Classical AOA methods include Capon’s method, but since the 1980s the preferred techniques have often been signal subspace methods such as Multiple Signal Classification (MUSIC), Estimation of Signal Parameters by Rotational Invariance Techniques (ESPRIT), and variants of these techniques. The most well known of the subspace methods, MUSIC, performs an eigendecomposition of the sample covariance matrix given by:

Once the signal and noise eigenvectors have been separated the array manifold is projected into the appropriate subspace to yield the MUSIC surface:

The peaks of the function P, give us the direction-of-arrival of any signals. From these multiple lines of bearing we can perform triangulation, and derive our position.

We’ve looked at TDOA and AOA methods, which are just two of many techniques that can be used to process signals-of-opportunity to derive position. But there are some perceived drawbacks to navigation by SOOP. By definition, SOOP makes use of transmitters that are uncooperative, and not generally designed with navigation in mind.

For TDOA you are dependent on signals that are transmitted synchronously (or else you need a separate source of reference), which may or may not be the case. You also need to know the locations of the various transmitters, for example the coordinates of any GSM base stations, digital TV transmitters, and so on. It may be difficult to obtain this information, especially in some parts of the world. But whilst it certainly helps to have this information, it isn’t entirely necessary. It is possible to both position yourself, and build up a map of the transmitter locations, without a-priori information.


Simultaneous localization and mapping (SLAM) is a field popular in the autonomous vehicle and robotics communities. It’s often described as a machine-learning concept, which aims to solve the problem of positioning oneself within a map, whilst simultaneously constructing and updating that map. There are a pile of techniques and algorithms that have been applied to the problem, including the good old Kalman filter, and the particle filter.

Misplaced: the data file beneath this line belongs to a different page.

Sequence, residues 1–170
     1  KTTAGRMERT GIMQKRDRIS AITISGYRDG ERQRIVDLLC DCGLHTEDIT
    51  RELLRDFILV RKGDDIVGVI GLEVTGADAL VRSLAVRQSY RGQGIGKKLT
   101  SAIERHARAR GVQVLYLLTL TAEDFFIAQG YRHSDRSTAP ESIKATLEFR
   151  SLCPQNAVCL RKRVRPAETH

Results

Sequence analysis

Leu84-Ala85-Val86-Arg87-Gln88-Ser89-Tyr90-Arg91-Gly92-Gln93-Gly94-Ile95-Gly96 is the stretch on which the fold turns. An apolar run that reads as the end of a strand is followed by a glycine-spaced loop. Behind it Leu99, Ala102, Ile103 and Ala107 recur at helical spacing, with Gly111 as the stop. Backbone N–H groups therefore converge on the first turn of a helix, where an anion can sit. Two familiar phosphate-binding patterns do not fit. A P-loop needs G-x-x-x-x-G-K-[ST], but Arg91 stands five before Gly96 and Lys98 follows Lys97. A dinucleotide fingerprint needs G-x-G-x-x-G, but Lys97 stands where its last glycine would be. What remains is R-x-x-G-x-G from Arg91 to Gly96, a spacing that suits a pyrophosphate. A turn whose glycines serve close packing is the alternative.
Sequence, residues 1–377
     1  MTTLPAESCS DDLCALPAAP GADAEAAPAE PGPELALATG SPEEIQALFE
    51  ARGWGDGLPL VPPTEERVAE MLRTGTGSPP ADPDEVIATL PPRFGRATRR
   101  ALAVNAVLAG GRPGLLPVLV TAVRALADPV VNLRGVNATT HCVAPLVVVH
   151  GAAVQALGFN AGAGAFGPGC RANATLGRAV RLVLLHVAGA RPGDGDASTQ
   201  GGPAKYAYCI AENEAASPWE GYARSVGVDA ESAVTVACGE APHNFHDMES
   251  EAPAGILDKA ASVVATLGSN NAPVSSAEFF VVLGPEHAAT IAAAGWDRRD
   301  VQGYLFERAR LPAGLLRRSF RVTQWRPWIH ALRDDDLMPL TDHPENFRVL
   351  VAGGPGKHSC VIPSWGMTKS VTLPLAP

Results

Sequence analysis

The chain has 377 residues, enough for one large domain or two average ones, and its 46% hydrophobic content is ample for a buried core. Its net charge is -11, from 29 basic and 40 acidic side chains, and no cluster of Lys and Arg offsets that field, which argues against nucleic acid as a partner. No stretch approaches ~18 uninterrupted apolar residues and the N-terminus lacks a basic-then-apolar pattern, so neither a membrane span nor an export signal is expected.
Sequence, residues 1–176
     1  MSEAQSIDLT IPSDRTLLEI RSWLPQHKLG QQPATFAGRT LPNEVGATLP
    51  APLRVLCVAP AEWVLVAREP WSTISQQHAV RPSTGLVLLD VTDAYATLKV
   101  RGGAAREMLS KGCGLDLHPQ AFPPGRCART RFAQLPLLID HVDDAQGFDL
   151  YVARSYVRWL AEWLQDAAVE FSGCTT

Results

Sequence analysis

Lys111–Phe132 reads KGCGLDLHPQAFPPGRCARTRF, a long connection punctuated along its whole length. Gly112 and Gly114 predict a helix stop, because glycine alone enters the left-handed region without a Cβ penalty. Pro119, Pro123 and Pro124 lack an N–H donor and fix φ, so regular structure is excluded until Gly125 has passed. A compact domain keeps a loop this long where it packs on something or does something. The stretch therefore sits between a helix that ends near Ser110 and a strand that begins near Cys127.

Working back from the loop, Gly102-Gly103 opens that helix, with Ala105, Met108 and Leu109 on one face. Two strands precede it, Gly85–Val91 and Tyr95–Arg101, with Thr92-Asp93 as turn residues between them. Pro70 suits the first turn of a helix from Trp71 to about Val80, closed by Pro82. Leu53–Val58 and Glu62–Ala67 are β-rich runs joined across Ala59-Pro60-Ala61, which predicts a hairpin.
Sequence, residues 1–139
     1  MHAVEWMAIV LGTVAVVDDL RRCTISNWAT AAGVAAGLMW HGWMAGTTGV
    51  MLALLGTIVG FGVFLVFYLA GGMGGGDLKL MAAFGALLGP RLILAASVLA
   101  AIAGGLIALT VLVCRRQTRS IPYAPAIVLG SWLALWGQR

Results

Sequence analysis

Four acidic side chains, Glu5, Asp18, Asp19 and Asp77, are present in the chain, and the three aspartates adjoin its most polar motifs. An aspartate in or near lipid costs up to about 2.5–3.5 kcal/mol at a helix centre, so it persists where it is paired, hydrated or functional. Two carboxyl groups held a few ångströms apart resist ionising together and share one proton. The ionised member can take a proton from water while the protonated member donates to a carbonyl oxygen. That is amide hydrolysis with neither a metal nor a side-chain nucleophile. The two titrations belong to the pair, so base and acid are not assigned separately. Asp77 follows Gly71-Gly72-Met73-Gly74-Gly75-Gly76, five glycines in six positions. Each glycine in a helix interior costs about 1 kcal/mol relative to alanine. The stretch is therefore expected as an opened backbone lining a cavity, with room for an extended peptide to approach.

In basic SLAM, you use a state vector to store an estimate of your position (and often orientation as well), just as you would in a typical GPS receiver. However, in SLAM, we also store estimates of the transmitter positions (called “features” in SLAM terminology). If we want to localize ourselves in a global coordinate frame it does mean we need an initial estimate of our position from some other means, like GPS. Otherwise we can only localize ourselves within the map we are generating.

From our initial position estimate, we then move in some way. We then estimate our position again, perhaps using some form of dead reckoning technique, like inertial or visual odometry. Together with our motion model, this forms the prediction phase of the Kalman filter. We perform the measurement phase by re-measuring any features (our transmitters of opportunity), along with any new ones.

Figure 4. Basic SLAM concept: simultaneously estimate the locations of both the vehicle and the transmitters of opportunity. (Image: Michael Jones)

If you know about Kalman filters, you might spot one of the problems with SLAM: As the number of features increases, the size of the state vector becomes larger, until you end up with huge matrices that are very time-consuming to solve. The solution time is a quadratic function of the number of state variables. For this reason, it is often necessary to constrain the problem in some way: perhaps by limiting the number of transmitters we keep track of.

But when done properly, SLAM is a powerful technique for signals-of-opportunity navigation.

Is SOOP worth it?

We’ve seen that, by using a variety of techniques, almost any radio signal can be used for opportunistic navigation purposes.

One disadvantage of SOOP is that it can require complex hardware to do it well. If you truly want to use all the opportunistic signals out there, then you need a receiver that can handle a very wide range of frequencies. You also need an antenna or set of antennas that can do the same.

When resilient PNT is a critical military requirement, you cannot afford to rely on signals that you don’t control. SOOP is also highly dependent on where you are. There aren’t many opportunistic signals at sea or in the desert, compared to in the urban environment (perhaps the odd satellite signal, or HF signal).

So SOOP is unlikely to become a primary technology for the military. But it does have the potential to be a powerful augmentation to GNSS, and it certainly deserves a place in the PNT kit bag.

Figures: Michael Jones